Immigration Reform - Obama's Great Civil Rights Challenge

Nels Johnson

To paraphrase President Johnson’s sage words, if a President can’t use the remaining two years of his Presidency to push with all of his might for civil rights, then what the hell’s the presidency for then, anyway?

Last week President Obama spoke in Dallas, Texas to mark the 50th anniversary of the passage of the 1964 Civil Rights Act. His remarks centered on President Lyndon Johnson’s extraordinary achievements for civil rights and how President Johnson accomplished as much as he did in five short years.

President Johnson’s fight for civil rights legislation is extraordinary. He was thrust from the position of a backwards, afterthought of a Vice President into the leader of the free world overnight. Against the advice of his senior advisors, President Johnson decided to double down and use his huge account of political capital to force the passage of President Kennedy’s languishing Civil Rights Act. After the passage of the 1964 Civil Rights Act, Johnson rued, “we’ve lost the South for a whole generation.” He was only partially right; Democrats have probably lost the South for a lot longer than that. President Johnson went on to pass more pieces of major legislation around civil rights and voting rights. He also used Executive Orders to expand civil rights as well.

Despite the many truly transformational accomplishments and civil rights advancements brought on by The Great Society, President Johnson left office a disgraced and broken man. His approval rate during his final months in office was 40%, one of the lowest of the modern era. It’s taken a generation or two for historians to truly appreciate how he transformed civil rights and gave opportunity to millions upon millions of Americans.

America has made great strides, but the fight for civil rights is far from over. Immigration reform is one of the greatest civil rights issues of our time. Thousands of families are torn apart every year through America’s draconian and unjust deportation policies. At least 13 million people in American are forced to live in the shadows for fear of deportation. America’s immigration laws are a complicated, ineffective mess. Most agree that we need a comprehensive overhaul of our broken immigration system, one with a true pathway to citizenship. President Obama laments that he can’t accomplish comprehensive immigration reform on his own; he needs a willing partner in Congress.

Though President Obama can’t fix America’s broken immigration system on his own, he can do plenty to make it more humane. Early into his first term, the President made a calculation that the only way Republicans would work with him on comprehensive immigration reform would be if he demonstrated how tough he was on those that were here without legal status and those attempting to illegally cross the Border. He has rightfully earned the nickname the “Deporter-In-Chief” for deporting nearly 2 million people (far more than President George W. Bush) thus far. The President’s vigorous deportation strategy has ripped apart millions of families. Parents who have been in the country for 20 years or more, gotten jobs, paid taxes and raised healthy families have been forcefully deported in scores, leaving their children to oftentimes fend for themselves.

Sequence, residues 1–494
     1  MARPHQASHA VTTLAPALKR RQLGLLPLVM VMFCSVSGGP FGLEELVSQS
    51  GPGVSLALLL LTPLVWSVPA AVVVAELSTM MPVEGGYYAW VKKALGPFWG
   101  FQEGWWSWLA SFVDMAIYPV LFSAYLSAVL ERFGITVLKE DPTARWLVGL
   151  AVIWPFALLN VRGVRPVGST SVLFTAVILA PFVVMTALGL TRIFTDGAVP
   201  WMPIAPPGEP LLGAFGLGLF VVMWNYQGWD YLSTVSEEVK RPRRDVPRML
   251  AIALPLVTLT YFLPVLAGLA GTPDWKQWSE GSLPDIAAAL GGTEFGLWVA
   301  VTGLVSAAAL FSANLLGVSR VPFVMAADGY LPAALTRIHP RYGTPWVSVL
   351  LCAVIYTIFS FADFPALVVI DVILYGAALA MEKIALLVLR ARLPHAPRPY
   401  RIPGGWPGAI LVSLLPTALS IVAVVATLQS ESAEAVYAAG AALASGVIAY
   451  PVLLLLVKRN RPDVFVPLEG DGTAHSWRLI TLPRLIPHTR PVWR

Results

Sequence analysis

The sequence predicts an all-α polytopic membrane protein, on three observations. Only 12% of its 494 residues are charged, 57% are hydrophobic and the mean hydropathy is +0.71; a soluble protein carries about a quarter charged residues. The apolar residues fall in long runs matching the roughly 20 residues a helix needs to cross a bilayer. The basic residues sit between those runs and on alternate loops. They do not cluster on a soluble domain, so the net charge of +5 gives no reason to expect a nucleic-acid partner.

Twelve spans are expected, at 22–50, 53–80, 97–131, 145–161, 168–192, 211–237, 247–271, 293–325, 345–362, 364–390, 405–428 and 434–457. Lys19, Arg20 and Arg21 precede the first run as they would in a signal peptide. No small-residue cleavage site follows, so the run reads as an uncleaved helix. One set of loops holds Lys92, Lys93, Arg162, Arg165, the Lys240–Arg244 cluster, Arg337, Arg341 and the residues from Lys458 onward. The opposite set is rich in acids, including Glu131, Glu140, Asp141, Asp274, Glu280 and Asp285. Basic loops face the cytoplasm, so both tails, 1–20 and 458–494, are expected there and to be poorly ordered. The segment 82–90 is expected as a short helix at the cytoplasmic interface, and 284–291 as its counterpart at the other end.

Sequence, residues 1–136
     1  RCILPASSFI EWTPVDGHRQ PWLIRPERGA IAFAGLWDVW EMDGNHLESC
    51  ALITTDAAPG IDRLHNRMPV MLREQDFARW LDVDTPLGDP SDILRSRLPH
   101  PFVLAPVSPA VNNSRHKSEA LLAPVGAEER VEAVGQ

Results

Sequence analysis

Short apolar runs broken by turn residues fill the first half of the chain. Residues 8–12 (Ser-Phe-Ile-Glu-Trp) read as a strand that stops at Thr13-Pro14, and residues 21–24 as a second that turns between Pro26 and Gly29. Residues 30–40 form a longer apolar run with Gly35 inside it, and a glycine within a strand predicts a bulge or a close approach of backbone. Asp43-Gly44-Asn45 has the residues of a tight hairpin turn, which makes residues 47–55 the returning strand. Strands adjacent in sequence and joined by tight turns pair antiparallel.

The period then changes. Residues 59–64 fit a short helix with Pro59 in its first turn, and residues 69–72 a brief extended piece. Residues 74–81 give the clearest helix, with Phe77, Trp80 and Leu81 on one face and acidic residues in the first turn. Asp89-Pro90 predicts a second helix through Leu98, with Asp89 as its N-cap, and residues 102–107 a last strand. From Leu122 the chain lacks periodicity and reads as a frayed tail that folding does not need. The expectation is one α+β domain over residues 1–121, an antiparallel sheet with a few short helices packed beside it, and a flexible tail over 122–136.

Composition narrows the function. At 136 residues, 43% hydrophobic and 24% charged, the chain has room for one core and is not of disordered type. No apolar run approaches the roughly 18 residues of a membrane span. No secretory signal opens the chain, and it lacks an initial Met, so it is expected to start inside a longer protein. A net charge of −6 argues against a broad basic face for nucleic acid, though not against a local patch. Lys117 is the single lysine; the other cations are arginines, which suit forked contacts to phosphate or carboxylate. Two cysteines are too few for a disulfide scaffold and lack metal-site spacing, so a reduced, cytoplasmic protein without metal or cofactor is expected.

The President’s aggressive approach has yielded literally nothing in the way of comprehensive immigration reform. But it’s not too late to change to more humane policies when it comes to immigration enforcement. In the summer of 2012, President Obama showed the power the Presidency has when he issued a directive granting certain undocumented children deferred action and a work permit (Deferred Action for Childhood Arrivals, or DACA). President Obama would do well to extend the benefits of DACA to the millions of those who would qualify for relief under the Senate bill that was introduced last year. He could also make deportation policies more humane, and allow greater prosecutorial discretion. There is nothing stopping him, all of this could be easily accomplished through Executive Order.

History is filled with powerful presidential accomplishments through Executive Order. Lincoln freed all the slaves living in the Confederacy through the Emancipation Proclamation, Roosevelt created the Works Progress Administration through E.O. 7034, and Truman desegregated the armed forces with E.O. 9981. More recently, President Clinton ordered the federal government to address environmental justice in minority and low-income populations through E.O. 12898. Presidents have shaped history though the use of Executive Orders. President Obama can do the same for immigration reform.

If current polls are any indication, President Obama is likely to leave office as one of the least popular and most divisive presidents in American history. Time will judge the merits of his Presidential legacy in due time. But if he wants to be remembered as a champion for civil rights, he should view his inevitable unpopularity as the liberation needed to dedicate all of his dwindling Presidential days to fighting for the advancement of civil rights. Nowhere is the fight more prescient than on the immigration front.

To paraphrase President Johnson’s sage words, if a President can’t use the remaining two years of his Presidency to push with all of his might for civil rights, then what the hell’s the presidency for then, anyway?

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